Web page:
Sometimes beginner trainers get the feeling that they will always be on cloud nine with no problems etc. But in a real world, there will be problems and down times. Just like with most other jobs, the dog trainer will encounter high moments and low moments. Yes, there will be days when you don’t feel like training or answering the phone. And there will be days when you just can’t wait to get started training.
The times in which you make a break-through with a problem dog will be a rewarding moment. Maybe it’s that fearful dog that takes a step of trust towards you for the first time. Possibly it’s the ultimatum given by a client who says, “You’re my last option. If you can’t fix the problem, I’m going to have her euthanized.” And…you get the problem fixed. Whew! Those are high times.
Then there’s the low times when you have a client who just simply will not be satisfied with you no matter how hard you try. Or the client who doesn’t follow your instructions for maintenance training and blames you for the dog’s poor behavior. Maybe it’s the day that one of your favorite employees quit. Most of your low moments will come from people.
Just like with other jobs, the dog trainer must learn to handle these emotions. Most times, that ornery client isn’t making a personal attack on you (although sometimes they do). It’s just that they aren’t satisfied with their own job, their home life, their marriage, their in-laws, their car, etc. Chances are good they won’t be satisfied with their dog trainer either: not because of you, necessarily, but because they have acquired a victim mentality where everyone will displease them. You must learn to not take this personally. Yes, reflect on how you can do better next time, but don’t let it question your expertise or professionality.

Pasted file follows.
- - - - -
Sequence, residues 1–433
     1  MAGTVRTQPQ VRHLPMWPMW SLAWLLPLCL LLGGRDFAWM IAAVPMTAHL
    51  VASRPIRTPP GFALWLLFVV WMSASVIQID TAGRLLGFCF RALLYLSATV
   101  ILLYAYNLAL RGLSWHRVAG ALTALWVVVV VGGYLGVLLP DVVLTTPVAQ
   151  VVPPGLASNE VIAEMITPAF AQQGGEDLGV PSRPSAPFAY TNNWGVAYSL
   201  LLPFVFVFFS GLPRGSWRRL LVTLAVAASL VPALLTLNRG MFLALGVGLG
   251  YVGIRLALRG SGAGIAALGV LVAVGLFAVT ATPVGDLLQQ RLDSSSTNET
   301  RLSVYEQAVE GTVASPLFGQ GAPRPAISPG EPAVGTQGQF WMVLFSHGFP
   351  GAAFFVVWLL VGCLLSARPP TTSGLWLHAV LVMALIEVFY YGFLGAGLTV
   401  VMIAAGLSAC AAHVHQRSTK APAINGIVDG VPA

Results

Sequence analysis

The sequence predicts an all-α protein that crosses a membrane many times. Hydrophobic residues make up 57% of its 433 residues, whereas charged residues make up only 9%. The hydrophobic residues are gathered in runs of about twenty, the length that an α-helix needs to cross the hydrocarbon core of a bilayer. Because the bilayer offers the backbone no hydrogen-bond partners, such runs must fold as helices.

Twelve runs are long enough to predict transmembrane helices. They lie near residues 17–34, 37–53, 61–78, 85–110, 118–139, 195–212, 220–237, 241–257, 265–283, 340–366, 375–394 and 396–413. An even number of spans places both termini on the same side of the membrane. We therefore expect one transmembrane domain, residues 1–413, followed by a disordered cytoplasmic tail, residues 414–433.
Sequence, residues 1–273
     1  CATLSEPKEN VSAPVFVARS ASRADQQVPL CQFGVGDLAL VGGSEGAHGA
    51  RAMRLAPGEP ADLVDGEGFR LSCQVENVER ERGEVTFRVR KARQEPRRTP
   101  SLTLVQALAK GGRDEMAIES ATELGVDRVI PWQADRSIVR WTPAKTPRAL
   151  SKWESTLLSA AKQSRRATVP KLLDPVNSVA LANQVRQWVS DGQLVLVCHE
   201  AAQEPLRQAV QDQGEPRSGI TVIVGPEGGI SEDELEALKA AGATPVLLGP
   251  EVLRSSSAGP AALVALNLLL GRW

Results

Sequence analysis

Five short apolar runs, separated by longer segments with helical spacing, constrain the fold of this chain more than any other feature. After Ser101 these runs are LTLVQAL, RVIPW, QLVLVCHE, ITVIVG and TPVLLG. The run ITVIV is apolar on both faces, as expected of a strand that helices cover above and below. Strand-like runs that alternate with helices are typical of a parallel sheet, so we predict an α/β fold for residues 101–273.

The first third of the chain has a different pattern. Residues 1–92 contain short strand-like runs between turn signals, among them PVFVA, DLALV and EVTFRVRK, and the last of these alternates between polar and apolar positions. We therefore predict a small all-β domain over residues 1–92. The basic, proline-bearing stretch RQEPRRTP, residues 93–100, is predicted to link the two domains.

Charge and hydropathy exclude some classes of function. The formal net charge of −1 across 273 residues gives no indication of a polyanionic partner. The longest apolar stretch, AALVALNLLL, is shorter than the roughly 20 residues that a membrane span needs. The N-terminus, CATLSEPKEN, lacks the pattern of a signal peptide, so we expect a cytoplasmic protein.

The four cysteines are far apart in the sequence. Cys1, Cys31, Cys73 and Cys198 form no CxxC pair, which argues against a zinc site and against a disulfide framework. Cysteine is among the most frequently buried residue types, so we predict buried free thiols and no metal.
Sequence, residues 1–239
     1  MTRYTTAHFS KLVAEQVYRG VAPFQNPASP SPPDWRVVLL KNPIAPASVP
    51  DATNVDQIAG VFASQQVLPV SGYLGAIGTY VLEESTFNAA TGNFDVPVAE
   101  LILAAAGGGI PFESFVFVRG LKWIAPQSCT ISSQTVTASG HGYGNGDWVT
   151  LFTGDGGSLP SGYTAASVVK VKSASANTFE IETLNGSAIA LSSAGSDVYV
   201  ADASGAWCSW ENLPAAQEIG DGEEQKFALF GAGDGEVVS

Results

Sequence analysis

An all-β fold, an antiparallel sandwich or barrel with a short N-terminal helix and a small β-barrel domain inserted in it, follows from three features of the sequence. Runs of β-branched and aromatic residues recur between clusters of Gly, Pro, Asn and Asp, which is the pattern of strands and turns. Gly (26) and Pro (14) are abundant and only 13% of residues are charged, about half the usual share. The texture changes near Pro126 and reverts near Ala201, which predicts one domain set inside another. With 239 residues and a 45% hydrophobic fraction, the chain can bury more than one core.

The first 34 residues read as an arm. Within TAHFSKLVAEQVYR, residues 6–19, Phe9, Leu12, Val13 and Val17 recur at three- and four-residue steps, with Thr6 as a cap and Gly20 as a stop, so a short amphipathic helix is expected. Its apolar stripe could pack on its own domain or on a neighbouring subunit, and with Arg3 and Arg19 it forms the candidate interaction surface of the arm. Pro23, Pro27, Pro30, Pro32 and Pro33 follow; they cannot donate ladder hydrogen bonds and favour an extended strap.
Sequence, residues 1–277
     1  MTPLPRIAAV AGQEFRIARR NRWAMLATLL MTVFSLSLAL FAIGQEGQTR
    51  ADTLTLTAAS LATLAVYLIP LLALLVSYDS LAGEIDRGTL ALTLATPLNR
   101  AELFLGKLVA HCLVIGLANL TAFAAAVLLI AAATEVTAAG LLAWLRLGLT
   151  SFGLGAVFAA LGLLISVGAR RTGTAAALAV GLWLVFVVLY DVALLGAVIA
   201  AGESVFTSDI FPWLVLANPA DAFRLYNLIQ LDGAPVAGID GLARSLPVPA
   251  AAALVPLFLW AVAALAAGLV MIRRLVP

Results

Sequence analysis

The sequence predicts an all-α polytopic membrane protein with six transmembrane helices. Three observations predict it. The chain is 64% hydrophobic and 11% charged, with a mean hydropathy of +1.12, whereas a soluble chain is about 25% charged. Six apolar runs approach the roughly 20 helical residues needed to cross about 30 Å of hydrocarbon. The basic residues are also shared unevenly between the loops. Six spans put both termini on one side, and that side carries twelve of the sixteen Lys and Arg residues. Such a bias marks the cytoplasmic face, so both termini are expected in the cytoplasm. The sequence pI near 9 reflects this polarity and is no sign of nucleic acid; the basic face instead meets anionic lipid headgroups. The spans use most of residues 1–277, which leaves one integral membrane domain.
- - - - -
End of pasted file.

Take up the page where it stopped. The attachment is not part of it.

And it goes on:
Most of your high moments will come from the dogs themselves. You’ll see their behavior dramatically improve. You’ll notice a keener attention to you during the training exercises. You’ll bring that dog to its highest potential and send him home far better than when he first came. And that’s what you’re here for: to effectively train dogs and improve that human/dog bond through education and training.
It may be a good idea to find a close friend, maybe another trainer, who you can constructively share your emotions with; let your hair down and just be you again. Laugh, share frustrations, pick up the leash, and get going again. There are many dogs and clients who need your skills.